Angry or Anxious?



One of the more interesting things about psychology is that everything is on a spectrum. We deal with human behavior gone awry- at one level it’s “normal” behavior and at another it’s “pathology.” What makes it even more difficult that symptoms of multiple disorders look similar. I consider myself a diagnositician. That means that I work *very* hard to come up with the correct label, only because the label guides me in the treatment. You can’t hammer screws. If I’m using the wrong tools for the wrong thing, I can’t help you.

Which brings me to one of the more frustrating things that I’m seeing in psychology right now. As most of you know that this point, I work with both civilians and first responders (military, paramilitary, police, fire, etc.) Sometimes, first responder’s jobs will try to help them- and it’s a funny part of the subculture. A first responder’s job can send them to  therapy or anger management. It’s not really well known for a civilian job to do that. What I’m seeing is “angry” first responders being sent to anger management, and usually after completing treatment- “relapsing.”

My father is a physician. I grew up with science and with the medical model. He always told me that I only need one question: WHY? He’s not been wrong yet. WHY is anger management not working for these people? I’ll tell you why- it’s not true anger at its core. It’s anxiety. It may also be trauma speaking. Why does this matter? Well, it does and it doesn’t. All three of them APPEAR the same but getting at the core of the problem, using the right label and the right tools, makes all the difference in the world.

Let’s explore:

Anger, Anxiety, and Post Traumatic Stress (PTS). These three things have a LOT in common:

Anger, Anxiety, and Post Traumatic Stress (which is an anxiety disorder) all share the same brain functions and hormones. What happens, in the short form, is that the stimulus (whatever freaks you out) triggers the “fight or flight” parts of the brain. (For those who are new here, please refer to my blog on the physiology of PTSD: https://catherinemcounseling.com/2017/01/24/why-ptsd-is-not-just-a-mental-issue/ ) With Anger, or anxiety of any kind, the brain sends a signal that you are in danger. This triggers the Amygdala (“deer brain”) which tells you that “Oh, hell, I’m in trouble! GET OUT!” At that point, the Adrenal system is triggered. It releases Adrenaline (this makes your heart race, your lungs breathe shallow, and blood move to core parts of the body in preparation for flight), Noradrenaline (which works to give you energy to flee), Cortisol (this is a big one, it’s responsible for so much:  appetite, sleep, heart rate, etc. It maintains the body’s homeostasis, literally “keeping stable” in latin. THIS is the guy that really messes things up when you get “stuck” here.), among numerous other hormones and neurotransmitters. Essentially, anger and anxiety send out distress signals and the body prepares to get out of danger. THEY ALL SHARE THESE ELEMENTS.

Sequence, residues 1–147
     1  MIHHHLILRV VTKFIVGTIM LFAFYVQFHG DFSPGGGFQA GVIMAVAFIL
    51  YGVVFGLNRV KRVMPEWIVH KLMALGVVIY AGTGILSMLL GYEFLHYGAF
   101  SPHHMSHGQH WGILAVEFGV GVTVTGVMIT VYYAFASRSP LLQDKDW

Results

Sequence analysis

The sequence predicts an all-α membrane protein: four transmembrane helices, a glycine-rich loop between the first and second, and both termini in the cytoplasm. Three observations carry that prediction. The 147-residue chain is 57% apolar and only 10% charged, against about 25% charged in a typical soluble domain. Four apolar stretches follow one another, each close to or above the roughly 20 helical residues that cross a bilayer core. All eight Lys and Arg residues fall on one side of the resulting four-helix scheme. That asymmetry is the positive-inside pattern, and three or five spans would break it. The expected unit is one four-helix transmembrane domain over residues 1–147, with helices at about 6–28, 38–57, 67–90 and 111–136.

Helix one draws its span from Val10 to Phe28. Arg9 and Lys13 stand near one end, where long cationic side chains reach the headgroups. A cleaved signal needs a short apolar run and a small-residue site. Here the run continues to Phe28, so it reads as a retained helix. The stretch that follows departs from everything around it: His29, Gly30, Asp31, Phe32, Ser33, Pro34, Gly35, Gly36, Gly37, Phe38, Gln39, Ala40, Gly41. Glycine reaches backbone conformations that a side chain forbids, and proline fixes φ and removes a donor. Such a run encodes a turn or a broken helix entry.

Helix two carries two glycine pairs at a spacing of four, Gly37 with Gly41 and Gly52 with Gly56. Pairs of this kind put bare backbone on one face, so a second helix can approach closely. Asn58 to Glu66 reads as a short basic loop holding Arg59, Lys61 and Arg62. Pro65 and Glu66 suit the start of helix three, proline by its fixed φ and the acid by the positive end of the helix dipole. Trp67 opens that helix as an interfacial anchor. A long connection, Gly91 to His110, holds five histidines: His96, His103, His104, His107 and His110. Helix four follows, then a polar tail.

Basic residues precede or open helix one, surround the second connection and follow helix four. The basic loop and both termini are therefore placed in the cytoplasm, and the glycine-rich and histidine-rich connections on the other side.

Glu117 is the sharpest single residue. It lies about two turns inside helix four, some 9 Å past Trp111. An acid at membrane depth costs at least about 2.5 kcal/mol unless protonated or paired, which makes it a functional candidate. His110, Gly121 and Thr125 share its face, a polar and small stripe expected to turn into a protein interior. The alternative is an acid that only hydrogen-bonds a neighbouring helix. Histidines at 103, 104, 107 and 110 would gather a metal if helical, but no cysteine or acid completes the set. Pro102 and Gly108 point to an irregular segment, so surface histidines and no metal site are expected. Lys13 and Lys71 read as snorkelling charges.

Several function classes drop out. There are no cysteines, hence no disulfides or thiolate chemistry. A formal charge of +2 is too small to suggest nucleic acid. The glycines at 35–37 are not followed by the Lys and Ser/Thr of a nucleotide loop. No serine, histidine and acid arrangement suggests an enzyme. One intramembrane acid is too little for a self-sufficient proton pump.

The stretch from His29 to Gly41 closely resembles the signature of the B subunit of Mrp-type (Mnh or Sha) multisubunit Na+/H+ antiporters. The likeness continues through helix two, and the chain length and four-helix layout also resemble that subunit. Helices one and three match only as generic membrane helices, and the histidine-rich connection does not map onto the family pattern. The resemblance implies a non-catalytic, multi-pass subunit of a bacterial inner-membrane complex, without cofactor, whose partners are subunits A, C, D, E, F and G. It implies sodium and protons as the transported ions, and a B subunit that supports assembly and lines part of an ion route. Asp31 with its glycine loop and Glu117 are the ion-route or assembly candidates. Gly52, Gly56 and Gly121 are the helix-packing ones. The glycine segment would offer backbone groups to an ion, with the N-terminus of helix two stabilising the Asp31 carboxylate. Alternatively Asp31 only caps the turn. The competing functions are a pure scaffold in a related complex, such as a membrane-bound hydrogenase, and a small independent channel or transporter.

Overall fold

So, that being said, it’s understandable that clinicians can get confused. We all do. It’s critical to sort out which it is in order to treat it appropriately. I always tell my clients that anger is a “masking emotion.” It’s the easiest emotion, so we often appear angry when we are actually feeling other things underneath. Anger management isn’t going to work if it isn’t anger at the core and anger management techniques are almost useless against the mechanisms I’m talking about because *reasoning brain has left the building.* Try as you might, you cannot override biology.

How do I know? Well, I see a lot of anxiety in my practice. Anxiety “turns into” anger- we don’t really have the full vocabulary to explain this well, but basically anxiety calls up his wingman anger and says “get this %*^& away from me!” Anger gets loud, and whatever the threat is backs off. (Think hissing cat.) If anger is really the issue, then that’s the end of it. It has done its job and we all move on. If there is something underneath it, then the main issue hasn’t been treated and this happens over-and-over-and-over until everyone gets sick of you and you get a reputation as the angry guy.

How do anxiety and PTS play a role in this? Well, when one is at a “normal” (whatever the hell that means) place, then there is a baseline, an anxiety threshold that ticks you into “gee, I’m nervous,” and a panic button. What happens if one has PTS is that the body gets conditioned that it is ALWAYS IN DANGER. Therefore, you START at the anxiety threshold and there is a much shorter fuse to hit the panic button. This is where people have difficulties with “overreacting.” They’re really just reacting, but the system is off. IF this is what is happening, then anger management might help a little, but not much because the key here is to bring the system back to baseline. In treatment, this is done with “grounding” or letting the body know that it is safe and can come down and not be nervous on a permanent basis. Once the body is brought down, the “anger” problems will subside because there is no perceived threat.

So, if anger management isn’t working for you, take a look UNDER the anger and see if there is something there other than anger. You’ll need to address that before the problems will resolve themselves. Or, as always, give me a call and I’ll see if I can help!